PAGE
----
TOKYO - A man who developed leukaemia after working as a welder at the damaged Fukushima nuclear site is suing the Tokyo Electric Power Company (Tepco) which operates the complex.
The plaintiff, 42, is the first person to be recognised by labour authorities as having an illness linked to clean-up work at the plant, said the BBC.
The nuclear site was hit by the earthquake and tsunami in 2011, causing a triple meltdown.
It was the world's worst nuclear disaster since Chernobyl in 1986. An exclusion zone remains in place around the site as thousands of workers continue clean-up efforts.
The man, from Japan's Fukuoka prefecture, was a welder for a sub-contractor.
He spent six months working at Genkai and Fukushima No 2 nuclear plants before moving to the quake-hit Fukushima No 1 plant, where he build scaffolding for repair work at the No 4 reactor building, the BBC said.
His cumulative radiation exposure was 19.78 millisieverts. This is lower than official limits - Japan currently allows workers at the damaged plant to accumulate a maximum of 100 millisieverts over five years. A dose of 100 millisieverts over a year is seen as enough to raise the risk of cancer.
But in October 2015, a health ministry panel ruled that the man's illness was workplace-related and that he was eligible for compensation, said the broadcaster.
"While the causal link between his exposure to radiation and his illness is unclear, we certified him from the standpoint of worker compensation," a health ministry official said at the time.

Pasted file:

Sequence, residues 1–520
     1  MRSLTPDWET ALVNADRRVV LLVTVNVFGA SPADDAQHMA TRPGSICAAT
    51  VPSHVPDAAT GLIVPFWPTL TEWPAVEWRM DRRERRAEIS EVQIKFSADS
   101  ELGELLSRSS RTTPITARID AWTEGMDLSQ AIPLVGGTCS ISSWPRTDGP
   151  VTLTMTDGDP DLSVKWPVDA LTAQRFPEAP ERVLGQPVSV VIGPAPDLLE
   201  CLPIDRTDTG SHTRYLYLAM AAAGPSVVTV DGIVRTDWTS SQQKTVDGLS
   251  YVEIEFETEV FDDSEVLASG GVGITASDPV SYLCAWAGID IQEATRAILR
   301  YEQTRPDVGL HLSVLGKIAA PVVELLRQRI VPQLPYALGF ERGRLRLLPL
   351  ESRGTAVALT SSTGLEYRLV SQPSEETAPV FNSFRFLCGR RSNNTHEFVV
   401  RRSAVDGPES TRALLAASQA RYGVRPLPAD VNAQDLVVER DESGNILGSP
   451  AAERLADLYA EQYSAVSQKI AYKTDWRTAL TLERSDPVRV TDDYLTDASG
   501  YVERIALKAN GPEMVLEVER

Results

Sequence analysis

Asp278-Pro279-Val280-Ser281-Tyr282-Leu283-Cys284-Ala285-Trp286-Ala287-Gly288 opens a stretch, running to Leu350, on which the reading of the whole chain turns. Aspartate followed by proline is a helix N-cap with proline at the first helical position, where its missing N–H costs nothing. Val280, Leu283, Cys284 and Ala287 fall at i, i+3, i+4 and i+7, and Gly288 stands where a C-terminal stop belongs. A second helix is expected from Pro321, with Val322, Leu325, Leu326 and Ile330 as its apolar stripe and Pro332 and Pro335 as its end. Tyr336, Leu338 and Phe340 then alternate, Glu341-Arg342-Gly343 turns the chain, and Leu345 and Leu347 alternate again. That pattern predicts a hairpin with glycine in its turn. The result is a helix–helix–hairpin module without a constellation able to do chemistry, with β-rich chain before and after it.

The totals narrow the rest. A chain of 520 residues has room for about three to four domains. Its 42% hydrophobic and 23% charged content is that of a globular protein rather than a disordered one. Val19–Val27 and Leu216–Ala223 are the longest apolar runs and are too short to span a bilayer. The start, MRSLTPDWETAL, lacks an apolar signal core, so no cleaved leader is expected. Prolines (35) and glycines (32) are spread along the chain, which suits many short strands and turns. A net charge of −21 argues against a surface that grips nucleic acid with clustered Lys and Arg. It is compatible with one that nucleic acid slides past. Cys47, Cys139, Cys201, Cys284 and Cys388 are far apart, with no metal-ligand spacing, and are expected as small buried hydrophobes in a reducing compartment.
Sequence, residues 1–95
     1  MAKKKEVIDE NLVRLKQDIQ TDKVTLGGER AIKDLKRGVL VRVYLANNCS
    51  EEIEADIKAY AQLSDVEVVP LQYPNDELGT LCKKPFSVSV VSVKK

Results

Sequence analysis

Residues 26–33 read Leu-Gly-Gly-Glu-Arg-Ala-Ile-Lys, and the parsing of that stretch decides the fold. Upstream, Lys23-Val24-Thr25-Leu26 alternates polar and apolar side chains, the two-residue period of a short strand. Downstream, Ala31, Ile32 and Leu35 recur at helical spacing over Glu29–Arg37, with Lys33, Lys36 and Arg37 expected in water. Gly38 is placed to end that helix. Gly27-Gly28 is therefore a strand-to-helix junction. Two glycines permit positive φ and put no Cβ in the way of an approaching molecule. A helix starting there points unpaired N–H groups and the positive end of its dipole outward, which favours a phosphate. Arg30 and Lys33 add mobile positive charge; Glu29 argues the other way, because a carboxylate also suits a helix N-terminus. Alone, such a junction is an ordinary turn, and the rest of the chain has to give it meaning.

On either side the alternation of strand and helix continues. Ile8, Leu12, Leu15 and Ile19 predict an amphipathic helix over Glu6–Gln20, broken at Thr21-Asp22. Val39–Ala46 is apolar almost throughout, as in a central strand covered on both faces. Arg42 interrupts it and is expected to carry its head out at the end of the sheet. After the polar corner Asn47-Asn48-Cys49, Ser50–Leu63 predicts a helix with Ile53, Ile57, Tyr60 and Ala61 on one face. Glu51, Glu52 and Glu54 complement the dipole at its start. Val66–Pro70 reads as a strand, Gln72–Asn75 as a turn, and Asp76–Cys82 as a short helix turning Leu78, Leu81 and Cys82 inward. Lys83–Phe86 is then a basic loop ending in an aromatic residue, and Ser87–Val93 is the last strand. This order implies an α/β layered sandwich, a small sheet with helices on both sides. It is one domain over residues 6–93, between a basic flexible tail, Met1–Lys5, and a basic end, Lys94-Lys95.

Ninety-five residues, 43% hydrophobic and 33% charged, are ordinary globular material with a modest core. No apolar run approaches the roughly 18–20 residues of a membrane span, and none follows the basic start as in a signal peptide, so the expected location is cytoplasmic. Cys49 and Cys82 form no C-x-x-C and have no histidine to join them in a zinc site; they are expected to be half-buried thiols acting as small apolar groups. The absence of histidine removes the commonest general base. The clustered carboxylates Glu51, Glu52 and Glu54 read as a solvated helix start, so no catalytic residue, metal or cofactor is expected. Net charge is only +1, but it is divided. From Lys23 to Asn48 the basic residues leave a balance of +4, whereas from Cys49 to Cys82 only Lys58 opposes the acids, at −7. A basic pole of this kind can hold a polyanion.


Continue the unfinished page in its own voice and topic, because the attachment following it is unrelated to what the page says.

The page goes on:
The man is now suing Tepco and the Kyushu Electric Power Company (Kepco), which operated the Genkai plant, for 59 million yen (S$740,000).
"I worked there (Fukushima No 1 plant) because of my ardent desire to help bring the disaster under control but I was treated as if I was a mere expendable labourer," Kyodo news agency quoted him as saying.
"I want Tokyo Electric to thoroughly face up to its responsibility."
When he filed the suit late last year, his lawyers said he had been "forced to undergo unnecessary radiation exposure because of the utilities' slipshod on-site radiation management".
Tepco and Kepco have asked the court to reject the suit, questioning the link between his radiation exposure and leukaemia, Kyodo reported.
Tens of thousands of workers have been employed at the Fukushima site since the disaster in March 2011.
Late last year (2016), the government said estimates of clean-up costs had doubled to 21.5 trillion yen.